Including basic HTML tagging in eLearning content is an essential first step to creating well-organized content. It’s also a key building block of accessible content; assistive devices like screen readers rely on HTML tags to understand—and communicate to learners—the hierarchy and relationships between content elements. This article introduces 12 basic HTML tags that you should include with eLearning content.

Titles and headers

Most eLearning content features a title or headline. This should be treated as a level-1 header in HTML rather than as a title. Using a title tag in HTML is important when creating a web page, since the HTML title is used as an identifier for the page. SEO (search engine optimizer) engines and browsers use the title to find the page. But as far as eLearning content is concerned, the title is not important; it does not even appear on the body of the page!

The text that shows up as a headline or heading on the page is the level-1 header. Each page of content should have one—and only one—level-1 header.

Basic HTML tags

Most HTML tags travel in pairs: <command> begins an effect; adding a forward slash to the command: </command> ends it, whether the effect is emphasizing text, starting or ending a paragraph, or setting text as a headline or sub-header.

All text content should include these tags:


Header 1: The level-1 header serves as a title or headline for the page of content; place a </H1> tag—end header 1—at the end of the heading text.


Header 2: The level-2 header serves as a sub-head; place a </H2> tag—end header 2—at the end of the sub-heading text.


Body: The body tag is used for ordinary content—body text.


Paragraph: Body text can be divided into paragraphs using the <p> tag at the beginning and the </p>—the end paragraph tag—at the end of a paragraph.

Text might also include these tags:


Header 3: The level-3 header serves as a sub-sub-head; place a </H3> tag—end header 3—at the end of the sub-heading text.

<strong> or <em>

Emphasis: Browsers display <strong> as bold and <em> as italic. These tags also come in pairs: <strong> to begin the bolding and </strong> to end it. Likewise, <em> starts emphasis or italic text and </em> ends it.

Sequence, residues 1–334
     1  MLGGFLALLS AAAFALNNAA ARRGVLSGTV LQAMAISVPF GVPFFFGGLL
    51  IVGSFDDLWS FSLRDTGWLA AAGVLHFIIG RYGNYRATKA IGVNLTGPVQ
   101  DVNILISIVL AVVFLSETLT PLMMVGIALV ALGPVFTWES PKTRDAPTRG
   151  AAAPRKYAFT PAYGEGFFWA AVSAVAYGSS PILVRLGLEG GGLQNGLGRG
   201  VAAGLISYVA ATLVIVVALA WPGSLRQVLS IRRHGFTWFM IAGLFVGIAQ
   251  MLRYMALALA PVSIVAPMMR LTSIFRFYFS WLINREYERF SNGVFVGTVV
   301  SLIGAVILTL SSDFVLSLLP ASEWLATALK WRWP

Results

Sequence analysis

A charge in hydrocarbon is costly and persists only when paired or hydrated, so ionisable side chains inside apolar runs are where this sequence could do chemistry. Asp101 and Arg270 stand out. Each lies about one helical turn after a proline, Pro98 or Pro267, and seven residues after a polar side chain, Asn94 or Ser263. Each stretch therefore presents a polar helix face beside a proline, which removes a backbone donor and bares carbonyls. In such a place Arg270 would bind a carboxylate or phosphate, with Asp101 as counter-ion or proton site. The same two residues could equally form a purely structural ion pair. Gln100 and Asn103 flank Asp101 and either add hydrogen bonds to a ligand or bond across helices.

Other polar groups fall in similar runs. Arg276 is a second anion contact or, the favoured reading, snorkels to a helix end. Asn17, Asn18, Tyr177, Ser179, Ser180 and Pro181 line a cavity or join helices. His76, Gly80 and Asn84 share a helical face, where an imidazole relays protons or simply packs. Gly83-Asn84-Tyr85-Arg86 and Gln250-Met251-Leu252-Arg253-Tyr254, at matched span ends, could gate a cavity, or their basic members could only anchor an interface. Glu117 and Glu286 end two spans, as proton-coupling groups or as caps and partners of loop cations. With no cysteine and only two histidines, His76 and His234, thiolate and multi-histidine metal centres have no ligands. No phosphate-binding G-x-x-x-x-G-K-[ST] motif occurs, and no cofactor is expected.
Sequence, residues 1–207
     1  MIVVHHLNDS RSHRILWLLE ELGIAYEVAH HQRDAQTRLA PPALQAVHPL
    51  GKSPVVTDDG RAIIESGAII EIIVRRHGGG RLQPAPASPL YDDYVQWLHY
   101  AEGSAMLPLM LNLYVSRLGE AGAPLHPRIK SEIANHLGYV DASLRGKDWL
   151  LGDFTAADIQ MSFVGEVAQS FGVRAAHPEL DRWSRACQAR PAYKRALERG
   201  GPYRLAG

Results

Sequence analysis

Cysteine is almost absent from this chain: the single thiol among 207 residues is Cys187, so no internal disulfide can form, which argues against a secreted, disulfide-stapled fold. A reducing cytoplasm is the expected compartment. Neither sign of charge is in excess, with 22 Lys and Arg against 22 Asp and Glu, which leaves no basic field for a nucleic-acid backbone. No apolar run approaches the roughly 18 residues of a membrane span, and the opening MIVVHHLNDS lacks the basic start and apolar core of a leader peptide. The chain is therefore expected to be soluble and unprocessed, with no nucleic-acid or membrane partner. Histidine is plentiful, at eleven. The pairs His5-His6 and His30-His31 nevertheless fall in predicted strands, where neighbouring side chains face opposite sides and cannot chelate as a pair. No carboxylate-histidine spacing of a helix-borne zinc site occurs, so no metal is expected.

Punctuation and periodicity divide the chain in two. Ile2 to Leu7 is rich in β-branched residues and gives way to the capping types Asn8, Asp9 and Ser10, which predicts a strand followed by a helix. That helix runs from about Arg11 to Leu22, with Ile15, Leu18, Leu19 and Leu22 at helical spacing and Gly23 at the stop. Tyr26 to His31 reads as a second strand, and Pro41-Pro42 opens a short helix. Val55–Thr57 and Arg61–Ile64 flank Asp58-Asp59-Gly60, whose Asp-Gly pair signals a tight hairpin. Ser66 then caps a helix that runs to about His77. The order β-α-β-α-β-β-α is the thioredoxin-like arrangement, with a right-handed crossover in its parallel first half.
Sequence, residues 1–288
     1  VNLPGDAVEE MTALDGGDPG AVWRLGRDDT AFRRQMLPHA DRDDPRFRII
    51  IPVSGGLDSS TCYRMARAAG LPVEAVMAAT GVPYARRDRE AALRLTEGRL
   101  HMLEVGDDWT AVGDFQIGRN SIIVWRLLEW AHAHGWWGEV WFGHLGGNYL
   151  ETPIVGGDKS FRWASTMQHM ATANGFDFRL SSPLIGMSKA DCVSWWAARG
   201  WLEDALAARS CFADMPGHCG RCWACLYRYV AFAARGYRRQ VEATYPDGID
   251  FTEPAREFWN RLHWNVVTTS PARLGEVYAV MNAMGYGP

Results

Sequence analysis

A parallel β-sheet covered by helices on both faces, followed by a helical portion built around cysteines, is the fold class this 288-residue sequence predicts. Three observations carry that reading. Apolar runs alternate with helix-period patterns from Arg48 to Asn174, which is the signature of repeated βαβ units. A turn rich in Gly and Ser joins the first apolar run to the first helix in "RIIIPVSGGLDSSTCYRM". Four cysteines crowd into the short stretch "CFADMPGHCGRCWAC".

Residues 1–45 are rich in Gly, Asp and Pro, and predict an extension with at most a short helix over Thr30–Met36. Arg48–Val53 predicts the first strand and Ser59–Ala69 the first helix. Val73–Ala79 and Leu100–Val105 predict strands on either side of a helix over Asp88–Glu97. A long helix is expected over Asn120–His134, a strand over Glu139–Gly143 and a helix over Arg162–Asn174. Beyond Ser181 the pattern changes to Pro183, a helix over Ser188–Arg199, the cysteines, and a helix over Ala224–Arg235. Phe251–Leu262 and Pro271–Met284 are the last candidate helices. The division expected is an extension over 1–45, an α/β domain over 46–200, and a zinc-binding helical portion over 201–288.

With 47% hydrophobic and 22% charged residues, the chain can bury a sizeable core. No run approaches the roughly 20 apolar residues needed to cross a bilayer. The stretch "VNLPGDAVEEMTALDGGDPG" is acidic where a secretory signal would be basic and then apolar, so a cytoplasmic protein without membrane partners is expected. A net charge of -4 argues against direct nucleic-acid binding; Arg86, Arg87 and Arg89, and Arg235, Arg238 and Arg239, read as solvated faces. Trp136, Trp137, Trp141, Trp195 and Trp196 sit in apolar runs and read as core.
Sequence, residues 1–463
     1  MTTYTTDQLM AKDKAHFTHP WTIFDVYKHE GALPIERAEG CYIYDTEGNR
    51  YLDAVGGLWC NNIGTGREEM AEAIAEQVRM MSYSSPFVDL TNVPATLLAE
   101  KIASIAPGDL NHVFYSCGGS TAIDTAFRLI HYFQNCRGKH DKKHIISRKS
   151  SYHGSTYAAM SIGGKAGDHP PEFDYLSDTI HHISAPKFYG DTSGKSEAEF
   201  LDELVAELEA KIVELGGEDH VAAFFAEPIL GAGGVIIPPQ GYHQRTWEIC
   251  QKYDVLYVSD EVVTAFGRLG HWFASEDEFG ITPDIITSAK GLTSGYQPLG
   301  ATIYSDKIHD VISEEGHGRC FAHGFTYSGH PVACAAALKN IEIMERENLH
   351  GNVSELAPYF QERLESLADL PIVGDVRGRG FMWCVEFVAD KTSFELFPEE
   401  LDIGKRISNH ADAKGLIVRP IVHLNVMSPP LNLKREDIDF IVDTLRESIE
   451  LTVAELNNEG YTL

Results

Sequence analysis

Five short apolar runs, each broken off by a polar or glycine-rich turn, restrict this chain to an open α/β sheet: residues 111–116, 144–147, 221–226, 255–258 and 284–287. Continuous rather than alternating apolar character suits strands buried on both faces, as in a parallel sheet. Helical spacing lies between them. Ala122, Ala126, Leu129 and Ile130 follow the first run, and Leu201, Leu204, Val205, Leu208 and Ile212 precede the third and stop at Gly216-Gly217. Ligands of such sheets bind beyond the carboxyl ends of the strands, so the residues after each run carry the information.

<ol> or <ul>

Lists: An <ol> is an ordered—numbered—list; a <ul> is an unordered—bulleted—list. These work with the <li> tag. The last item on a list is followed by the </ol> or </ul> tag, ending the list.


List item: Each item on a list begins with the <li> tag and ends with the </li> tag. It’s possible to format the bullet or number or letter used for list items, but that’s beyond the scope of basic HTML.

<br />

Line break: The forced line break does not start a new paragraph or change formatting. There must be a space between the “br” and the forward slash. There is not an opening and closing line break tag; just the <br /> tag.


HTML and tables

Data tables can be very confusing to learners who use screen readers or otherwise access them in a nonvisual manner. Using correct tags helps the screen reading software sort out the relationships between data elements, but if used at all, tables are best kept very simple.

A table uses these HTML tags:


Table: The table command defines the next section of content, until the </table> tag, as a table.


Table row: Each new row is introduced with a <tr> tag and ends with a </tr> tag; the content between these tags is separated into cells.

<th> or <td>

Table heading or table data: Table heading text is bold and centered; table data text is not. The first row of a table should be a heading row. Each item is in one cell, encased in <th> and </th> or <td> and </td> tags.

Just the beginning…

These 12 tags are only the most basic HTML tags. Learn more at the HTML5 tutorial.

The good news, though, is that Word and most eLearning authoring tools automatically—invisibly—insert HTML tagging in eLearning content as the developer creates the content. This is especially true when developers use design templates to format eLearning content.